5 PID controller Proportional control (P) Input change (u-u 0 ) is proportional to control error e. K c = proportional gain (tuning parameter) u 0 : = «bias» Problems proportional control: 1. Get steady-state offset (especially if K c is small) 2. Oscillates if K c is too large (can get instability) k: process gain K c : controller gain P-control of typical process y y s (setpoint) K c =8/k K c =4/k K c =2/k K c =1/k 20% 50% offset O set (%) = 1 1+ K c k 100% Initially at steady-state (y=y s =0). Change setpoint to y s =1 at t=1. Not sure what process it is; a bit similar to theta=0.25,tau=1 5

6 Fix: Add Integral action (I) Get PI-control: I = integral time (tuning parameter) e = y s y (control error) Note 1: Integral term will keep changing until e=0 ) No steady-state offset Note 2: Small integral time gives more effect! (so set I = (large!) to turn off integral action) Note 3: Integral action is also called «reset action» since it «resets» the bias. «Update bias u 0 at every Δt»: Add also derivative action (D): Get PID controller P:Normal I: Patient D: Impatient P-part: MV (Δu) proportional to error This is usually the main part of the controller! I-part: Add contribution proportional to integrated error. Integral keeps changing as long as e 0 -> Will eventually make e=0 (no steady-state offset!) Possible D-part: Add contribution proportional to change in (derivative of) error Can improve control for high-order (S-shaped response) and unstable processes, but sensitive to measurement noise 6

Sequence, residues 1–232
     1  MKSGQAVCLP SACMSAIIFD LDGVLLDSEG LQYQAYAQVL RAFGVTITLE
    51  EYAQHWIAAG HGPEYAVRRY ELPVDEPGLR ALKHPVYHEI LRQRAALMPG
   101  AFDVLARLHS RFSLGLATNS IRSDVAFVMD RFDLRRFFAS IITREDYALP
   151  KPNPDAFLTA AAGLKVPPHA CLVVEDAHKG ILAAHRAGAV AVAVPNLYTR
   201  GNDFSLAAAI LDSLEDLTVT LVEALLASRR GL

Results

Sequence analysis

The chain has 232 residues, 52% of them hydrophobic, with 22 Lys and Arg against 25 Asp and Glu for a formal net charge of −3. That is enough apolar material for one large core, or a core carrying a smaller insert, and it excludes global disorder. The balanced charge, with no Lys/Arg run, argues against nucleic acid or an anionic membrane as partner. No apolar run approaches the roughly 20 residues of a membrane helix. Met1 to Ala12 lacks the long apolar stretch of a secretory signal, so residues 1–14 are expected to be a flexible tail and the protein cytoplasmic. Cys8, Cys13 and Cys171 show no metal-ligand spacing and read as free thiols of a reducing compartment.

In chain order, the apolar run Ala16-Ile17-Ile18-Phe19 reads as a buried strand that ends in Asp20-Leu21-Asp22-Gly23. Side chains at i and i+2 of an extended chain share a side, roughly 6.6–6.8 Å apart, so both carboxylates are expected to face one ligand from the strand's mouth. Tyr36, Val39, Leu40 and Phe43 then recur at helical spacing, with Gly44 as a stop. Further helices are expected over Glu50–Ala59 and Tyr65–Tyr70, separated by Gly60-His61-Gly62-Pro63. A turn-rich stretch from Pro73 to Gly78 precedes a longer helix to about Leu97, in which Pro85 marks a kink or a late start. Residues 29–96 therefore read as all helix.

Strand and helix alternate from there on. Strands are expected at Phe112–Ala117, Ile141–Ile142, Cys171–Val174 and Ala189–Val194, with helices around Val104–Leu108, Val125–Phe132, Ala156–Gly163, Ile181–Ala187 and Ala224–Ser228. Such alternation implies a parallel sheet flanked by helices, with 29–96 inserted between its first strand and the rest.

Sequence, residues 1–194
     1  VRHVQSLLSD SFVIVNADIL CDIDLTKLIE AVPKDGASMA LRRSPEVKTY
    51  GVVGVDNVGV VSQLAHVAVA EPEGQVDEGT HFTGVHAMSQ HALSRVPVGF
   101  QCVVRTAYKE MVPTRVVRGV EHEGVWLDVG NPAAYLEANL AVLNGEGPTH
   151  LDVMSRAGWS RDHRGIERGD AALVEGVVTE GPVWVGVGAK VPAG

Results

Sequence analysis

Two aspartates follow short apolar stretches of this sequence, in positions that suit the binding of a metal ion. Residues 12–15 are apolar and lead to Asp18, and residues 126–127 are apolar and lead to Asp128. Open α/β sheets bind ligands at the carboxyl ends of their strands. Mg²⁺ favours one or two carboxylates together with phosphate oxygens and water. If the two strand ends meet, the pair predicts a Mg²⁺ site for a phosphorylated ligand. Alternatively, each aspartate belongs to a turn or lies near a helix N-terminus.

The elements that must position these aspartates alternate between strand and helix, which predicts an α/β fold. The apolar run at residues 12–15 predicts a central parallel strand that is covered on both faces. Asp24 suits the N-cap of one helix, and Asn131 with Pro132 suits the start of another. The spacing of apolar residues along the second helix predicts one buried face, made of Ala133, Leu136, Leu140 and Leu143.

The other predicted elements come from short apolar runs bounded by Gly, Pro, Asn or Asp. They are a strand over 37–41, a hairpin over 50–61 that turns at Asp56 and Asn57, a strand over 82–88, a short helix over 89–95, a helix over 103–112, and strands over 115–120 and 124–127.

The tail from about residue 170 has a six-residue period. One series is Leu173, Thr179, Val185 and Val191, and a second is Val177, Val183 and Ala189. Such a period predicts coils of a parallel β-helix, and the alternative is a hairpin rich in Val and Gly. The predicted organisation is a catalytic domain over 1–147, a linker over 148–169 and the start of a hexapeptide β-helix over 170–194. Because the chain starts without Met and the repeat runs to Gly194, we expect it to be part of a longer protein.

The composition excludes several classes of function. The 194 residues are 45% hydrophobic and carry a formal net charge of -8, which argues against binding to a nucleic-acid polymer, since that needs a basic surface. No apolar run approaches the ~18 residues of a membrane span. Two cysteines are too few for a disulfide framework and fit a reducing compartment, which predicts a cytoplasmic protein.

7 Many alternative PID parameterizations Also other: Proportional band = 100/K c Reset rate = 1/ I Etc.. NOTE: Always check the manual for your controller! Digital implementation (practical in computer) of PID controller Ikke pensum sep.tek 7

8 PID controller tuning Want the system to be (TRADE-OFF!) 1. Fast intitially (K c large, D large) 2. Fast approach to steady state ( I small) 3. Robust / stable (OPPOSITE: K c small, I large) 4. Smooth use of inputs (OPPOSITE: K c small, D small) Tuning of your PID controller I. Trial & error approach (online) (a) P-part: Increase controller gain (K c ) until the process starts oscillating or the input saturates (b) Decrease the gain (~ factor 2) (c) I-part: Reduce the integral time ( I ) until the process starts oscillating (d) Increase a bit (~ factor 2) (e) Possible D-part: Increase D and see if there is any improvement Very common approach, BUT: Time consuming and does not give good tunings: NOT recommended 8